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Serves  2

It’s the season of the showstopper – the dramatic, all-eyes-on-me festive centrepiece that really shows off one’s skills as a chef. At Christmas, most people go for the big bird – turkey or goose, and some might opt for the theatre of a fore-rib, but what if you’re  not feeding an army? What if you’re looking for a super-special Christmas dinner just for two, planning a romantic new year in, or simply looking for a slightly show-offy Twixtmas treat?

Beef Wellington it is. The luxury of fillet steak. The earthy decadence of duxelles. The quintessential Britishness of wrapping stuff in pastry. Its origins may be lost to histoy, but the grand dame of dishes never fails to impress – unless you mess it up, of course. To ensure you don’t, Lisa Allen’s Michelin-starred kitchen at Northcote in Lancashire has provided the recipe below. Serve it with honey-glazed carrots, slather it in red-wine sauce, and consume it with a smirk of triumph.


250g fillet of beef

25ml single malt whisky


For the duxelles:

200g chestnut mushrooms, sliced

½ small onion, finely chopped

1 garlic clove, crushed

2 sprigs of thyme

1 tsp tarragon, finely chopped

1 tsp parsley, finely chopped

1 tsp chives, finely chopped

salt and freshly ground black pepper


To build the Wellington:

3 slices of Parma ham

150g puff pastry, rolled to a 30cm square

1 egg, beaten


  1. Preheat a heavy-based frying pan over a high heat. Add a drizzle of oil and sear the fillet on all sides. Remove from the pan and brush liberally with the single malt whisky. Lightly season the meat and then wrap tightly in cling film and chill for at least 10 minutes.

  2. Using the same frying pan, add a little oil and fry the mushrooms for a few minutes until dry. Add the onion, garlic and thyme and cook for a further minute. Turn up the heat, and continue cooking the mushrooms until you get a dry texture.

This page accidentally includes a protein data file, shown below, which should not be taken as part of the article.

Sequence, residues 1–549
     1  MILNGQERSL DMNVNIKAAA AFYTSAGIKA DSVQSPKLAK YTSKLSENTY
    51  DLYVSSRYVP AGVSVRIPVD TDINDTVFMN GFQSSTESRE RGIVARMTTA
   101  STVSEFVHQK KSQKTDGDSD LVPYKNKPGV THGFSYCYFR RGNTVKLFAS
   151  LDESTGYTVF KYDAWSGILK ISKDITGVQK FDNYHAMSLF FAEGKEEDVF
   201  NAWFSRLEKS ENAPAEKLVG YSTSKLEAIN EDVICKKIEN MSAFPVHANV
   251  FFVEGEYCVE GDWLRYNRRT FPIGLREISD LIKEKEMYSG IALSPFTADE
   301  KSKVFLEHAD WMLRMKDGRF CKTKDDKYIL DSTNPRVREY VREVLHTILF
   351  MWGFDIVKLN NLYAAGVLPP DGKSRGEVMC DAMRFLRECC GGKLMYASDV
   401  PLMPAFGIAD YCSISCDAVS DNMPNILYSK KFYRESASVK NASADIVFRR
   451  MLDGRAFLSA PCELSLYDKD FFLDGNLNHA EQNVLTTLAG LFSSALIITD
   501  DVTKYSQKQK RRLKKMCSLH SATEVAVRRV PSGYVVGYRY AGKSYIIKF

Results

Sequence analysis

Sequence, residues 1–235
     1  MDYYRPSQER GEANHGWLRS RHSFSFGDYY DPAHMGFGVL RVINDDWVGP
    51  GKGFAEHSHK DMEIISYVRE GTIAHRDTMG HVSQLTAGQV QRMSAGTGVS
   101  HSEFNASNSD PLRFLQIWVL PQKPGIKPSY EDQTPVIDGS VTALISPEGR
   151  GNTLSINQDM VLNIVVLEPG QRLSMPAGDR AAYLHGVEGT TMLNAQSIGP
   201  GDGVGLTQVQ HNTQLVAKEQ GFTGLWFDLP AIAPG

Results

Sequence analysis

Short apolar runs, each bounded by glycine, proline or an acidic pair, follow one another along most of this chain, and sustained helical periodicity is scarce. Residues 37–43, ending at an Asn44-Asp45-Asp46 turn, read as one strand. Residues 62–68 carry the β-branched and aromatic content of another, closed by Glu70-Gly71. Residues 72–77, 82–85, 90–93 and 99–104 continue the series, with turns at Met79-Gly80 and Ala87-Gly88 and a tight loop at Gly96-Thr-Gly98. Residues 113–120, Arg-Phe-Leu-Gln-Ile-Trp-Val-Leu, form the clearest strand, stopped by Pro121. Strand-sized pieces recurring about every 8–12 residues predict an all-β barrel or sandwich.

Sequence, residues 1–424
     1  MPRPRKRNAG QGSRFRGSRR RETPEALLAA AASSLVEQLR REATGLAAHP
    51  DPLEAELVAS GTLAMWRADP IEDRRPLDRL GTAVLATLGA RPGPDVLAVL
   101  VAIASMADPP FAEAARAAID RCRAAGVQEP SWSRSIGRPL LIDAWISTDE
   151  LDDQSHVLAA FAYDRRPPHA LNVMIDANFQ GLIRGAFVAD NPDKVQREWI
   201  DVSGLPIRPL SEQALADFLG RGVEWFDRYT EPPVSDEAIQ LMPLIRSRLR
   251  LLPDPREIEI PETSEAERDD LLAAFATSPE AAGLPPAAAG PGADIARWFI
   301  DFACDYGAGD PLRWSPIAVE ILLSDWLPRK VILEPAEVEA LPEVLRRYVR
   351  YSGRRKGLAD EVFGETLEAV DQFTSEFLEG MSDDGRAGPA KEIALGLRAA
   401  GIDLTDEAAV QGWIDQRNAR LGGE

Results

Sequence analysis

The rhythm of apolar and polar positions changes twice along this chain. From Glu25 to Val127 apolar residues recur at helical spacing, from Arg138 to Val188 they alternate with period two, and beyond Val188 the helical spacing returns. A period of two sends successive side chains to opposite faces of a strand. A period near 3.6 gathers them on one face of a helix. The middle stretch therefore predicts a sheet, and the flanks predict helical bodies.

3. Stir the finely chopped herbs through the mushrooms and season with salt and freshly ground black pepper. Pour out the mixture onto a board and roughly chop to achieve a course duxelle. 

  4. Place a layer of cling film on your worktop bench and lay the three slices of Parma ham onto it, slightly overlapping each slice. Cover the Parma ham with the mushroom mixture, leaving a 1cm gap around the edges.

  5. Unwrap the beef fillet from its cling film and place onto the edge of the mushroom duxelle nearest to you. Roll the fillet, making sure it’s fully covered with the mushroom and Parma ham all the way around. Leave to set in the fridge for approximately 10 minutes.

  6. Dust the work surface with a little flour and place the pastry on top. Cut a T-shape from the pastry (as demonstrated) and place the wrapped beef fillet on the horizontal part of the T.

  7. Fold over the edges at either end, then roll the fillet in the remaining vertical part of the pastry.

  8. Take the remaining pastry trim and roll over it with a lattice pastry cutter to create a lattice pattern for the top of your wellington.

  9. Brush the rolled wellington with beaten egg and lay the latticed pastry work on top. Finish by brushing beaten egg over the whole wellington to create shine and colour when cooking.

  10. Pre-heat oven to 225°c.

  11. Set the wellington on a tray lined with baking parchment and brush with some beaten egg. Bake in the oven for 10 minutes at 225°C, lowering the temperature to 200°C then continue cooking for a further 20 minutes for medium. Cook for another 10 minutes for well done.

  12. Remove from the oven and allow to rest for 10 minutes before carving.